Illicit financial flows impeding Zambia's economy

Illicit financial flows impeding Zambia's economy

TAX Justice Network Africa says rampant illicit financial flows in Zambia's mining tax regime have continued to impede the country's economic growth.

In an interview at the just-ended Southern Africa Resources Watch organised workshop on the Africa Mining Vision (AMV) constituency building workshop, Tax Justice Network Africa policy and advocacy manager Savior Mwamba said Zambia was a clear case of how a resource-rich country was not benefiting from its mineral wealth due to illicit financial flows in its extractive sector.

Mwamba said the country's mineral wealth had been literally stolen over the past years due to serious illicit financial flows.

He said the design of Zambia's tax regime was so complicated that mining companies were able to manipulate transactions through inflating costs and underestimating revenue.

"Despite copper production going up, the country is not still benefiting from mining. We need to look at not only the non-monetary benefit but also the tax revenues as the only way government can raise enough money to invest in communities. Look at Kankoyo in Mufulira which hosts one of the biggest mining companies (Mopani Copper Mines). The infrastructure there is literally nonexistent, it's deplorable," Mwamba said. "As long as the government puts its hands off the mines, Illegalthey will always be held at ransom as we saw with Konkola Copper Mines when they wanted to lay-off hundreds of workers."

Mwamba said the government must re-look at its stake in the mining sector and increase its shareholding as the 20 per cent was not enough to exert control and influence on the mines.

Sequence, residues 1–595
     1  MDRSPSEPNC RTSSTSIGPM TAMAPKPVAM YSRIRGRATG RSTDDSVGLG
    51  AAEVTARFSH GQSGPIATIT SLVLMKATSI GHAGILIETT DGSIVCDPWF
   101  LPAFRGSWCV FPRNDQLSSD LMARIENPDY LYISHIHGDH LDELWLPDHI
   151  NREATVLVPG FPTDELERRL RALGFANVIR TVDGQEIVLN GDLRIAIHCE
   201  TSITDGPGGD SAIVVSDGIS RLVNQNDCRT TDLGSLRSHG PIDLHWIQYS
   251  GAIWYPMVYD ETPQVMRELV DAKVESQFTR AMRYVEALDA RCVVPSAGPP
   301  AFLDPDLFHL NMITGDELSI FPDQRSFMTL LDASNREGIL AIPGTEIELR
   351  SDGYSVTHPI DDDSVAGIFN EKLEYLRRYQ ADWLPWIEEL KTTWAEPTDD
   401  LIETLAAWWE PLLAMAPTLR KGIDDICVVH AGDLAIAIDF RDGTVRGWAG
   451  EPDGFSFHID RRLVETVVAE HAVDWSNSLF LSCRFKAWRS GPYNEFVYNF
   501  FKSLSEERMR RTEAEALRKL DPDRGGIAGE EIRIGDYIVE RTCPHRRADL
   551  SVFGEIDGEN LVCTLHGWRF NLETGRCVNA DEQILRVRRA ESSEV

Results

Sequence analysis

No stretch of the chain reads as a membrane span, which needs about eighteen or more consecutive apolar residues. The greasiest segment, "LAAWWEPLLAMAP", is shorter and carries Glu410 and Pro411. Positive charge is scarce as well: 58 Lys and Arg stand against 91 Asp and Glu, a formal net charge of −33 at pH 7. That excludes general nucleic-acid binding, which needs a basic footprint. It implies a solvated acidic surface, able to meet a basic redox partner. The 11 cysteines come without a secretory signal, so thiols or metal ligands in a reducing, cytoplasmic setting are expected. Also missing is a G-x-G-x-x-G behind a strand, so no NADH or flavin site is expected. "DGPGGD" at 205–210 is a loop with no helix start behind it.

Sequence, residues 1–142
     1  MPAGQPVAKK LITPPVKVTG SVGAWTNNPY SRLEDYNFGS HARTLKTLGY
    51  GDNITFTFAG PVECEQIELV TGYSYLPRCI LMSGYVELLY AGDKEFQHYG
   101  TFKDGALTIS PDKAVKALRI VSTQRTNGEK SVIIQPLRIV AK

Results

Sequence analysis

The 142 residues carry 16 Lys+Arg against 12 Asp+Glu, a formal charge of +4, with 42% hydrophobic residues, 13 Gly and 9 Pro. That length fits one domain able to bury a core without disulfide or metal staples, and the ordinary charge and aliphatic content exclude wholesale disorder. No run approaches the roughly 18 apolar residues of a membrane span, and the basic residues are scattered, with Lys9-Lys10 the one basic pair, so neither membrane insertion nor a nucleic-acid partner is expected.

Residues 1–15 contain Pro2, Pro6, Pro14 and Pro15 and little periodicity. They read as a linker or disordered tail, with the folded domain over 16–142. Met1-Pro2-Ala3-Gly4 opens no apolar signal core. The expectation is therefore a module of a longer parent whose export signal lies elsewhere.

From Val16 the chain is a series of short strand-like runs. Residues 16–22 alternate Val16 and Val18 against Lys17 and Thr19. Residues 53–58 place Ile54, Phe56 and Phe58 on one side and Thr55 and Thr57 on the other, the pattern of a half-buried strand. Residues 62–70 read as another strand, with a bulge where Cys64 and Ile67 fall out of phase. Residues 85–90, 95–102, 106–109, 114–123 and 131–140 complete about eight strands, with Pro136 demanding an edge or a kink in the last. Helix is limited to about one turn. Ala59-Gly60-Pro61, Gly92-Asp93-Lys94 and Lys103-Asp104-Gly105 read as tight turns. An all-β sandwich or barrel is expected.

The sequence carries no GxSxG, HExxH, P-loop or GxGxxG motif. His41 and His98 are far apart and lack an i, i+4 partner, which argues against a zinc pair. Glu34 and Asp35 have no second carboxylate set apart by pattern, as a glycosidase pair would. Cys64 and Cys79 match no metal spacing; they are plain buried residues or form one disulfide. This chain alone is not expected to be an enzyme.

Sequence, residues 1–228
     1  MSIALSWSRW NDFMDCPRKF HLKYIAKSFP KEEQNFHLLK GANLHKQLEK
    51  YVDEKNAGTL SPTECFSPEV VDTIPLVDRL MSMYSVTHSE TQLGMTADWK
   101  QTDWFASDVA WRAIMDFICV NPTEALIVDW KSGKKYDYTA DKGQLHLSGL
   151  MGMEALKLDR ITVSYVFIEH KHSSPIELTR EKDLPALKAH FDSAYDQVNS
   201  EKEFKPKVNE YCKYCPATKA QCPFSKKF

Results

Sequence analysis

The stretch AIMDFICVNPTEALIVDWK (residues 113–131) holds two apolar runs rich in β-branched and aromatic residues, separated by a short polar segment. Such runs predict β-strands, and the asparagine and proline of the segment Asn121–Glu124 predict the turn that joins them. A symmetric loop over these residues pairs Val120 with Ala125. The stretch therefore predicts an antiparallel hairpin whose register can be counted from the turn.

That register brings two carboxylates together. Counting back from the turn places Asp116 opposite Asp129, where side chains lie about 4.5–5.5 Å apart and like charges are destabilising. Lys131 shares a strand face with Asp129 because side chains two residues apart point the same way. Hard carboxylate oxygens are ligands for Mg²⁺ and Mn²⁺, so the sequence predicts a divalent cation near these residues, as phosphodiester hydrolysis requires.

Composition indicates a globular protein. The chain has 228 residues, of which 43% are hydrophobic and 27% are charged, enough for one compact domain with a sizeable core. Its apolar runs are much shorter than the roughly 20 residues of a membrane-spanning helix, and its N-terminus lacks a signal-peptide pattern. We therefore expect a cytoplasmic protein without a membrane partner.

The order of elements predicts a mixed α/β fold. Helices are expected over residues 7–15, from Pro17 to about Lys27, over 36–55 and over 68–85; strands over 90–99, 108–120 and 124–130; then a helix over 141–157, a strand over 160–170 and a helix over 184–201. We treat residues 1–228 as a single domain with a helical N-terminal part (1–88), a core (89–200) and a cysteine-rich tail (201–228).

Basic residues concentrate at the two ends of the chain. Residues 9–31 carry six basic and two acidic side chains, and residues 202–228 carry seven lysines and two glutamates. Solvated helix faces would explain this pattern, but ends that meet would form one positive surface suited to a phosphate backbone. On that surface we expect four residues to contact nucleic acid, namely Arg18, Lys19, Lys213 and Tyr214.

He said the government must also implement the revenue sharing mechanisms which were already provided for in the Constitution to ensure communities directly affected by the impact of mining begin to see tangible benefits from mining activities in terms of infrastructure development and environmental mitigation.

"It's only government that can make decisions to ensure that citizens begin to see benefits of mining because transnational mining companies are always profit driven and it will not happen that these companies will one day wake up and say they want to deal with all these issues affecting Zambians. The government must take a review of the current design of the mining policy," said Mwamba.

During a media seminar in Siavonga, Bank of Zambia governor Dr Michael Gondwe said it was impossible for the current growth in the mining sector to impact the country positively for as long as small supporting industries like transporting copper was done by foreigners.

He said despite high growth numbers, mining was not benefitting the country because there was no meaningful participation from indigenous entrepreneurs.

"Look at the mines...the space of Zambians driving copper to the export market is very small and yet this is something Zambians can do," said Dr Gondwe. "Zambians can buy trucks by getting loans and other arrangements but they are not there. If you look at who is providing nuts and bolts to the mines, I don't think there is any Zambian doing that. All imported and yet these things can be manufactured here in Zambia."

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